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3. The third cool thing is maybe a bit nerdier, if that is even possible. The City’s Parks Inspection Program, which inspects parks for cleanliness and maintenance issues, publishes the results online. Before your eyes glaze over, let me tell you why this is great. It’s great because it allows residents to understand generally how their parks are doing and whether they are improving over time, which is hard to do just on your own walking through the park every so often. What would be really great is if more detailed data was also published on the different elements in the park: pathways, benches, garbage, etc. But this is a good start.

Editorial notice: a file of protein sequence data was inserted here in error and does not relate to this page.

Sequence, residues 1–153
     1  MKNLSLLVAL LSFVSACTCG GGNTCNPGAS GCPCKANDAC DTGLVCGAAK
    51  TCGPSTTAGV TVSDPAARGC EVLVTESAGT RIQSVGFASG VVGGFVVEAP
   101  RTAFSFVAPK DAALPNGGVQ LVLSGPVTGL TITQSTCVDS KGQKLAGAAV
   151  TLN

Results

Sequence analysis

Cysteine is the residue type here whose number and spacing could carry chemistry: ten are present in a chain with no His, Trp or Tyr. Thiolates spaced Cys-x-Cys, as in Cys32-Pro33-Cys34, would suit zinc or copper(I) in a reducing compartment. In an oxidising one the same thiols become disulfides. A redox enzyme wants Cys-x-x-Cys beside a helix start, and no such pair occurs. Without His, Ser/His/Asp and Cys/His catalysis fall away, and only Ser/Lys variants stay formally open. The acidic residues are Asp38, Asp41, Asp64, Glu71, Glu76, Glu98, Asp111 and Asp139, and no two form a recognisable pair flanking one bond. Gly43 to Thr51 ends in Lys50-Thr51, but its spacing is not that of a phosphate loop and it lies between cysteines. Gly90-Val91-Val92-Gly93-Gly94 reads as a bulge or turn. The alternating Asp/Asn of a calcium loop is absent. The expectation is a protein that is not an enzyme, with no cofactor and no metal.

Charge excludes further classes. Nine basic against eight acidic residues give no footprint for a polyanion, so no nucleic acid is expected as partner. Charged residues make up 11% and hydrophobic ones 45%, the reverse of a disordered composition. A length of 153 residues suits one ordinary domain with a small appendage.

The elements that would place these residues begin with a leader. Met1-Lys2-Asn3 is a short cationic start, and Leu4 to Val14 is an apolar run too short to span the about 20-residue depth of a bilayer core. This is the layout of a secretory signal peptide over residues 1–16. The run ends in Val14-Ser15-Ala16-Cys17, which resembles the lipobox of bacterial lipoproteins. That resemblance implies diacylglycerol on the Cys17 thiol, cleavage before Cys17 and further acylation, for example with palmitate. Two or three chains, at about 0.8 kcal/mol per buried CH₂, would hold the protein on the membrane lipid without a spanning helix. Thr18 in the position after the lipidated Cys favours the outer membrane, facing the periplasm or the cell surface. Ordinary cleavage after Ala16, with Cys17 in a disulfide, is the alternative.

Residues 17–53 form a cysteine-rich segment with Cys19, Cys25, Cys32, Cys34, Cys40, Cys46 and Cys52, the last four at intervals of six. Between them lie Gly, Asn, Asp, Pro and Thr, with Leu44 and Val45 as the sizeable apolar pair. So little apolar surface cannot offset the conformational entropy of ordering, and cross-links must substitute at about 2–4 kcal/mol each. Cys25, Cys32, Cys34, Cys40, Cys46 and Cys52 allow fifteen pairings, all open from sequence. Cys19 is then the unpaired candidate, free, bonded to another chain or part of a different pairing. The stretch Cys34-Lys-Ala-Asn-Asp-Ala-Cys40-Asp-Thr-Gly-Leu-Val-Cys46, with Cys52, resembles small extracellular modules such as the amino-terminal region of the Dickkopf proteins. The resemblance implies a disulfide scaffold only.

Parks are public spaces and so it’s only fitting that the data that goes along with them is opened up to the public as well.